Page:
Reduce Your Risk of Stroke and Heart Failure by Drinking Coffee

The evidence that coffee has positive health benefits keeps on coming. Most recently a paper presented at an American Heart Association meeting demonstrates a reduced risk of stroke and heart failure in coffee drinkers.

Drinking coffee may be associated with a decreased risk of developing heart failure or having stroke, according to preliminary research presented at the American Heart Association’s Scientific Sessions 2017, a premier global exchange of the latest advances in cardiovascular science for researchers and clinicians.

Researchers used machine learning to analyze data from the long-running Framingham Heart Study, which includes information about what people eat and their cardiovascular health. They found that drinking coffee was associated with decreased risk of developing heart failure by 7 percent and stroke by 8 percent with every additional cup of coffee consumed per week compared with non-coffee drinkers.

What is striking about this study is that the benefit of drinking coffee is measured in cups of coffee a week instead of per day. That means that the one cup a day coffee drinker will have a substantial risk reduction whereas previously the most benefit was typically with folks who drink four or six cups a day.

This is an observational study which means that scientists found a relationship between the amount of coffee that folks drink and a reduced incidence of both stroke and heart failure. The study does not indicate a cause. However, other research may be helpful in that regard. We wrote that the benefits of drinking coffee improve with age.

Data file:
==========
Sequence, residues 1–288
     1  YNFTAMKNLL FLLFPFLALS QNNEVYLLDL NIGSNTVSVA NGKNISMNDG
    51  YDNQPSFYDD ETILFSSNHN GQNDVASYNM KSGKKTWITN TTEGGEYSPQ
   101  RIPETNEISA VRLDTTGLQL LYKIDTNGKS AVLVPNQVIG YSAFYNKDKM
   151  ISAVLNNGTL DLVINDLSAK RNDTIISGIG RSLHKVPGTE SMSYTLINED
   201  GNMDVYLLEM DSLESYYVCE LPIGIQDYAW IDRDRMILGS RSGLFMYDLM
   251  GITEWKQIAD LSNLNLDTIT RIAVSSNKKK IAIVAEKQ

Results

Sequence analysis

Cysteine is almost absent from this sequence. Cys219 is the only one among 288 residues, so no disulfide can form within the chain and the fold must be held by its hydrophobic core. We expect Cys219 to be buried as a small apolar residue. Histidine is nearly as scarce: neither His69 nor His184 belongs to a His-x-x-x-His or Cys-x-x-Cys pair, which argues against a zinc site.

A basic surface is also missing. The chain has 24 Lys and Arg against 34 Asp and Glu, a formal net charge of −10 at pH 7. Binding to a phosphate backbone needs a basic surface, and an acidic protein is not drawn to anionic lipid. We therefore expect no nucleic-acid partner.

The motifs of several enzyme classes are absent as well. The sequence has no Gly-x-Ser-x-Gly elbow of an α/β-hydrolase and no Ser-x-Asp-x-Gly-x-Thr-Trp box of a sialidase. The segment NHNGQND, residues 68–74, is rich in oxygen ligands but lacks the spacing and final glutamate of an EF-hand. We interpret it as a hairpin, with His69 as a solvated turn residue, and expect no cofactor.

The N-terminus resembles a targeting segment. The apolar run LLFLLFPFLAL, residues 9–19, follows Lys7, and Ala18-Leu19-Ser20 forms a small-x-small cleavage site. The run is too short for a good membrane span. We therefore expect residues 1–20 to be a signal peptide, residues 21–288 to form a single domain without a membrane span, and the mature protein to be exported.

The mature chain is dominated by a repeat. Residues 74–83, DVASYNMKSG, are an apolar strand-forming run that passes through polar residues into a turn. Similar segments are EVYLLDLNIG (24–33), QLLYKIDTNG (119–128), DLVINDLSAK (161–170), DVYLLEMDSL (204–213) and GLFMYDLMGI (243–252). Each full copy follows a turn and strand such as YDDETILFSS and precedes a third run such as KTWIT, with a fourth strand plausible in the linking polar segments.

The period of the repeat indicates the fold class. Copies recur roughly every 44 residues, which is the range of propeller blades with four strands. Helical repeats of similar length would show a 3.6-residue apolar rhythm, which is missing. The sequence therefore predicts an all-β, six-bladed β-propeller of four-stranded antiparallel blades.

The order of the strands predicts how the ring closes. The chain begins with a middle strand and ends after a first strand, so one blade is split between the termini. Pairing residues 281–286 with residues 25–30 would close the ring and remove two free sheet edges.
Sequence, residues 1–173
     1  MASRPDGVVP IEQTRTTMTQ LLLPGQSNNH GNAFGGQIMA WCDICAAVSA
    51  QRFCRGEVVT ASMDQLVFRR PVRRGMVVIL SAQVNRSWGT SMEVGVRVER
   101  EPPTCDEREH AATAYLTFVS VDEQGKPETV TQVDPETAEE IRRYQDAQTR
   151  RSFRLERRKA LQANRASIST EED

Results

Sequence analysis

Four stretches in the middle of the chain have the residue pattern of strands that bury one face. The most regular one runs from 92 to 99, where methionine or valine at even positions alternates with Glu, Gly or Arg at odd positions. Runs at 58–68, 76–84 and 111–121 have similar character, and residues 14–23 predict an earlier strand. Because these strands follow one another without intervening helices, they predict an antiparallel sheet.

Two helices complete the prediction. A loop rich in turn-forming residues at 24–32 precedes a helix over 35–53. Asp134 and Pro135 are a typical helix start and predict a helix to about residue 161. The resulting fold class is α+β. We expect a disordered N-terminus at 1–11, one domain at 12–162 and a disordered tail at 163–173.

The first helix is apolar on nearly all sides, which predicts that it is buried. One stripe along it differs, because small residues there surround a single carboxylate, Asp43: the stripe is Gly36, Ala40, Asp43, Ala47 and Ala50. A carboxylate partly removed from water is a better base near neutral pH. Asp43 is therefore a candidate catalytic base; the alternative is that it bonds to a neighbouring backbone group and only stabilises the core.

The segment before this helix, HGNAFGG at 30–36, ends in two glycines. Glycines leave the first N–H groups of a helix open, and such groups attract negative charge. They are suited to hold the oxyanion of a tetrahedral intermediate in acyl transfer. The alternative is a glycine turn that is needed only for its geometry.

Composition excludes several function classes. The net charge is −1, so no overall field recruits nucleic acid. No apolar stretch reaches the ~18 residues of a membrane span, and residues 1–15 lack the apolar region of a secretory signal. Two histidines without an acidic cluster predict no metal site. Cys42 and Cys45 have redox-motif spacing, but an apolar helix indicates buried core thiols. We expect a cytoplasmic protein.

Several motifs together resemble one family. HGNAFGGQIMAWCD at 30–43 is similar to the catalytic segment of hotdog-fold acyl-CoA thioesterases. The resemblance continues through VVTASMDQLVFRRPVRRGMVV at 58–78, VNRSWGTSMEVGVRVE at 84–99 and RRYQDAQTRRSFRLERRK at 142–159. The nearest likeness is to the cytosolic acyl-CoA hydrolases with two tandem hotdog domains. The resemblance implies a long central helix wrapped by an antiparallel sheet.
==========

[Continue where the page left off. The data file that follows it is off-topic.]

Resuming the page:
The researchers say that for every two cups of coffee a person drinks per day they receive the benefit of a 22% lower risk of death in the next ten years. However, when the data is parsed out by age groups it turns out that for those over the age of 45 experienced at 30% reduction in ten year mortality. And when the older people were subtracted from the study there was little change in predicted mortality for the younger members of the study.

The researchers in this study believe that the antioxidants in coffee which reduce inflammation are more beneficial in older persons for whom inflammatory conditions are more dangerous. Heart failure and stroke are primarily diseases of the elderly. Thus the benefit of coffee in prolonging life is proportionally greater in older people. This argument may well explain how you can reduce your risk of stroke and heart failure by drinking coffee.

Regular or Organic?

The study cited above does not distinguish between regular coffee and healthy organic coffee. However, we know that regular coffee can contain as many as 130 unwanted substances such as residues of synthetic fertilizers, herbicides, pesticides or fungicides. These things are not good for your health when ingested. Although coffee in general lets you live longer the effect is more pronounced in older people. We can also assume that if and when someone is able to look at organic versus regular coffee the greater benefit and lesser risk will come down on the side of organic!

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